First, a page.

On the Frontline: Real News Battles Fake Power

BAYEUX, France - An email from Florida landed in this noble Normandy town with less impact than a Nazi shell, yet it was an eerie reminder of how hubris and folly filled so many graves on the beaches nearby. The menace today is America über alles.

Last week, I assembled hard data for a Mort Report Extra on dangers posed by Donald Trump and his enablers. One response, dismissing fact as “liberal-leftist rant,” made plain what the world is up against — and why Bayeux is again on the frontline.

“We can agree to disagree,” the email said, “and you can live in whatever fantasy world you think is best. IF YOU don't like it here, then move to Finland, or the socialist utopia of your dreams.” Sure. We'll leave America to greedheads, useful idiots and flat-out morons like him.

I'd have junked that note, like so many similar ones we all see, but for the reason I'm here. As every year for the past 25, journalists from around the world gathered at the weekend for the Bayeux-Calvados War Correspondents Awards. We honored our own, mourned our fallen, and during long, lubricated, music-blasting nights we avoided shop talk about workaday mayhem.

Some of the gang are fresh out of the box, with new skills and high energy. Others have been at it for half a century. Patrick Chauvel, son of a grand French photographer, just covered his 44th war alongside his 18-year-old son, Antoine, in Iraq.

They are a disparate bunch, but one hard fact defines them. Men and women who wade into risk, spending miserable months staying close to their story, do not lie about what they see.


Photo: Mahmud Hams, AFP, Prix Bayeux-Calvados

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Mort Report Extra: The Ghost of Common Sense

“Common sense will tell us, that the power which hath endeavoured to subdue us, is of all others, the most improper to defend us.” Thomas Paine

This is an urgent plea to everyone I can reach. Please pass it on to every American you know before November. Non-voters make up our largest bloc. Others are undecided, and sentient Republicans are wavering. No election in history, anywhere, has been more crucial. 

 We saw last week how deeply hypocrisy and prostitution now permeate our government. Smart young people offer promise, but if we do not vote now, it will be too late for them.  An apathetic, ill-informed electorate will have squandered democracy by default.

If the Mort Report is new to you, I’m a correspondent who has covered world news for 50 years on seven continents for editors who demand strict objectivity. Like all real reporters, I am obsessed with getting facts straight and basing analyses on observation, not opinion.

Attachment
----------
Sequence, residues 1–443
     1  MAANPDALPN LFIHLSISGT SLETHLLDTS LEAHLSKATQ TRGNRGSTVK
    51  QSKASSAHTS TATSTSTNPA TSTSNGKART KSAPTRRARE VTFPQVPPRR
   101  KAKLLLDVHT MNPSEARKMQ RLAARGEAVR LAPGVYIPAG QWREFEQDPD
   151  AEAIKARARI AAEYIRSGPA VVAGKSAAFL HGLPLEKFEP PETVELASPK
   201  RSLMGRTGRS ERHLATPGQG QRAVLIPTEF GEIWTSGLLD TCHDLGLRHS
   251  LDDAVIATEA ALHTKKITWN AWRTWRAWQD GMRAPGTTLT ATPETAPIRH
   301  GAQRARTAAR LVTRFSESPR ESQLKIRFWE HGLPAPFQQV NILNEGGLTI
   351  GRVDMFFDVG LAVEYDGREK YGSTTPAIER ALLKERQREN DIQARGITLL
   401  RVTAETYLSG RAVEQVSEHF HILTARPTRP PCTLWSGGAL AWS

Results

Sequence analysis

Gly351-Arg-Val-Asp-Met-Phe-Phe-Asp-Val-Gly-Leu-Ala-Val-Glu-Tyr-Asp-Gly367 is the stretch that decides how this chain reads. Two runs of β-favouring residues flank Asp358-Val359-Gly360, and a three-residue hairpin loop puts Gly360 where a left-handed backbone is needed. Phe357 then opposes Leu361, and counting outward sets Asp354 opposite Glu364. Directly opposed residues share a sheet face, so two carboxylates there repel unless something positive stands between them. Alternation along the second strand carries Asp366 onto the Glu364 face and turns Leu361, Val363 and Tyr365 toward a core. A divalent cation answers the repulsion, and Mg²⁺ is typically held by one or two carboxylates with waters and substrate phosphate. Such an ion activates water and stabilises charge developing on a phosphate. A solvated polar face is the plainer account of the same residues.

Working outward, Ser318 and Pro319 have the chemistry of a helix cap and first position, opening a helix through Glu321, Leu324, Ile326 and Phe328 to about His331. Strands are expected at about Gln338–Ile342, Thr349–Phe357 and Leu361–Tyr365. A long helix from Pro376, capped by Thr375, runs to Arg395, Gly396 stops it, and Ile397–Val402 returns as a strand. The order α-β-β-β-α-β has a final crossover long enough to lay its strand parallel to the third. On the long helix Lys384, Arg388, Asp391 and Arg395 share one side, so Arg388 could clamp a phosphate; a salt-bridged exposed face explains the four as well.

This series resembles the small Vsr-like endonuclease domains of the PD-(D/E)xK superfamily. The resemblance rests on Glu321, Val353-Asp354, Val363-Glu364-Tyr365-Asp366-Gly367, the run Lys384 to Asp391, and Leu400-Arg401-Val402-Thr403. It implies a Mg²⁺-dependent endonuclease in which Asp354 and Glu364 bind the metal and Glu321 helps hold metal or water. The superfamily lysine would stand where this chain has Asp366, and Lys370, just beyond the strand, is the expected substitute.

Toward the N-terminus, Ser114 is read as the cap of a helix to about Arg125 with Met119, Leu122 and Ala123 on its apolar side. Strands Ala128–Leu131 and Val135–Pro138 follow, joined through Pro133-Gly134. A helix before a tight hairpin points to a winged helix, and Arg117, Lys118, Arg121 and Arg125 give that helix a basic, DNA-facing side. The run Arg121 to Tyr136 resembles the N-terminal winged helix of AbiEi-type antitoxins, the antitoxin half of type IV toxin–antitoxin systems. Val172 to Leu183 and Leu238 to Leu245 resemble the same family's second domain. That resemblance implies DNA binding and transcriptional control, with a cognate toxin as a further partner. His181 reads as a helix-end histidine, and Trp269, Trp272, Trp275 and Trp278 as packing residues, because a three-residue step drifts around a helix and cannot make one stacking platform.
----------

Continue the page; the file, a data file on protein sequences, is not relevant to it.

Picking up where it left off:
Until 2016, I’d have cut off a left toe before presuming to tell people how to vote. But I’ve watched Donald Trump for decades, and I know a heartless would-be despot when I see one. During his campaign, it was clear he would attempt a coup d’etat. With a corrupted Republican Party and enough blind cultist followers to sway an election, he threatens not only our democracy but also the survival of our planet.  Please keep reading; this is not hyperbole.


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On Africa’s Elephants, Black and White

NAIROBI, Kenya - This dispatch was meant to be about saving the noble elephant. But after a hard look at Africa today, with an eye on the narrow worldview of ignoble pachyderms in America, the focus shifted to jackals and hyenas.

Consider Kenya, a once and future hope as a model for an enlightened dark continent. It throbs with potential. Young people with fresh ideas join an old guard in transforming it beyond recognition. Yet despite its outspoken courts and critics, it is shot through with corruption.

Those endangered black elephants are, in fact, making a comeback. Asian appetites for ivory are waning. Young Kenyans are taught to protect their wildlife heritage. The problem is white elephants, giant dubious schemes with ample opportunity for skimming off the top.

Plunder is old news in Africa. Since winds of change brought independence in the 1960s, uncounted billions in public funds have vanished into private pockets. Now, however, plunder is organized and obvious, an entrenched component of global geopolitics.